‘WOW, ONLY SEVEN days left for the lockdown… to be extended!’ That WhatsApp message has gone viral. There are many more jokes and funny videos doing the rounds, which just goes to show how people are keeping their spirits up during these stressful times. I am reminded of the dark days of the Soviet empire when East European countries were under the Russian thumb. With heavy censorship the norm and free speech banned, people of Hungary, Poland and East Germany found escape in humour. There was no internet then, but word of mouth can be as fast as 5G, so their jokes quickly went viral.
There’s also a great deal of sharing on WhatsApp. ‘When will COVID-19 end?’ was a catchy title of a forward. It came from a respectable source: the Singapore University of Technology and Design. With graphs and tables, the researchers gave data-driven predictions for the disappearance of the virus for most countries of the world. For India, the report said 97 per cent would disappear by May 22nd and a full 100 per cent by July 26th. Thrilled by the prospect of early release from jail, I sent this to as many friends as possible. Unfortunately, for my morale, one of them, a Tata Institute of Social Sciences luminary, replied almost immediately. ‘Balderdash,’ he said, or words to that effect. His contention is that there are far too many variables from country to country, and even within a country, to make any meaningful prediction.
But hope wants to spring eternal in the human breast, so I turned to the prediction made by the well-known astrologer Sushil Chaturvedi, who had written a weekly column for me when I was the Editor of The Independent and The Illustrated Weekly. His prediction given in early March this year was : “The combination of Mars, Saturn and Jupiter in Capricorn has brought in the Covid calamity. The alignment of the planets changes on May 4th, so from May 5th onwards, we will see the virus receding and by July 17, India will be more or less clear of the corona virus.”
At the beginning of the pandemic, the world’s medical mantra was Test, Test, Test. Now, more than a month after the lockdown, my personal mantra is May, May, May.
IF THIS IS World War III, it’s the doctors and nurses and other healthcare workers who are the world’s soldiers. Many of them are thrown into battle without adequate armour, but they fight on regardless.
And it was doctors we roped in for our digital Literature Live! conversations. The Coronavirus: What You Need to Know about the Global Pandemic, is a very timely book, and its authors, Rajesh Parikh (a neuro-psychiatrist) and Maheera Desai (clinical psychologist) were in conversation with me. The third co-author Swapneil Parikh (who is an internal medicine specialist) could not be present.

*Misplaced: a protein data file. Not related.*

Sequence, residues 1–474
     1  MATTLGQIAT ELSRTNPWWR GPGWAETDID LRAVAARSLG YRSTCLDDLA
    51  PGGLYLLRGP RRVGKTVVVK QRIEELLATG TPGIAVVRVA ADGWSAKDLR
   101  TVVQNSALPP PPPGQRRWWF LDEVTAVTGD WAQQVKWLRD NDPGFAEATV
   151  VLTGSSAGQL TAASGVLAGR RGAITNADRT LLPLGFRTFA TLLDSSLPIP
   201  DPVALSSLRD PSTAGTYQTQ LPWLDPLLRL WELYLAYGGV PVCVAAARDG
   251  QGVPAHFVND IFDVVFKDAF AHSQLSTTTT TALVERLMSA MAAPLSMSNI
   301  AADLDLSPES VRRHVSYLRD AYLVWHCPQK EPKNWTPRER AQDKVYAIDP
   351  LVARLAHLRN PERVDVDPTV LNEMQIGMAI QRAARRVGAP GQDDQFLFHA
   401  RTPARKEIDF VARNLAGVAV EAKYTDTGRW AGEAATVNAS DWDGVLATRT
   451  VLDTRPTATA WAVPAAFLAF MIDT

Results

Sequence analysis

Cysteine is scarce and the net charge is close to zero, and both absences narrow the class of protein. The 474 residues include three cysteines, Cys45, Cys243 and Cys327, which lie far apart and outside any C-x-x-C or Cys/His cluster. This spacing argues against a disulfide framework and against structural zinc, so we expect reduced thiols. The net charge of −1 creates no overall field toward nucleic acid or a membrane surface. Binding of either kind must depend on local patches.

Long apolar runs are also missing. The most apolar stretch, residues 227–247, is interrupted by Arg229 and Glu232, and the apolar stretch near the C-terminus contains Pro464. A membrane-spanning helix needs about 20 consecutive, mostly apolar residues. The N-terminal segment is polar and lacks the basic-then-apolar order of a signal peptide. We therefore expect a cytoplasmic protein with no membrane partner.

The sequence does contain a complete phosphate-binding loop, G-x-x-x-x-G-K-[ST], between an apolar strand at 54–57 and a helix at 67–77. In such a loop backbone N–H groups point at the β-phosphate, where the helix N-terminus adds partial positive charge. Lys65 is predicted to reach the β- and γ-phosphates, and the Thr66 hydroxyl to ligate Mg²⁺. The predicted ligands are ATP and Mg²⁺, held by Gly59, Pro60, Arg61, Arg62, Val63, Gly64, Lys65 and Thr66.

‘Quickies’are not noted for their depth and comprehensiveness but this book, so swiftly produced, passes both tests and has the bonus of being well-written. The first chapter elaborates on past pandemics, including the so-called Spanish Flu (it actually started in Kansas, US, but got its name from its most prominent victim, the Spanish King). Between January 1918 and December 1920, it infected 500 million people, a third of the world’s population at the time. In India, it killed 18 million. Dr Parikh revealed a little known fact–autopsies of many Indians who died then, showed that a part of the brain associated with fear, the amygdala, was most affected, which showed the deep psychological effects of the pandemic. No doubt the Covid-19 lockdown will leave its own scars.
The book effectively debunks all the conspiracy theories floating around the pandemic, and it also gives a definitive timeline for its starting point: the first signs of the virus occurred in Wuhan in mid-November 2019 when Dr Li Wenliang tried to warn his colleagues about it. Travellers from there took it to Thailand, Japan and South Korea in mid-January, 2020. Thus there was a full two-month period in which the Chinese government suppressed the bad news. Forget their abominable wet markets, the root cause of the virus; if only the Chinese authorities had acted and issued a global warning, no one outside Wuhan would have died. Now millions are affected everywhere, thousands are dead and nations face bankruptcy. China has much to answer for.
In the middle of my Zoom conversation with the authors, our screens were suddenly filled with pornographic images. There was no option but to cut off the discussion and restart after a short interval. The next day, there were reports of the Indian Badminton Association and the Sports Authority of India conducting a Zoom session for 700 coaches which was similarly hacked with pornography. Worse, there was a similar attack in the US, and the victims were 50 primary school students. Can you imagine the trauma? How would a parent explain such disgusting images to a child? What a strange world we live in, where sick people derive pleasure from corrupting innocent minds!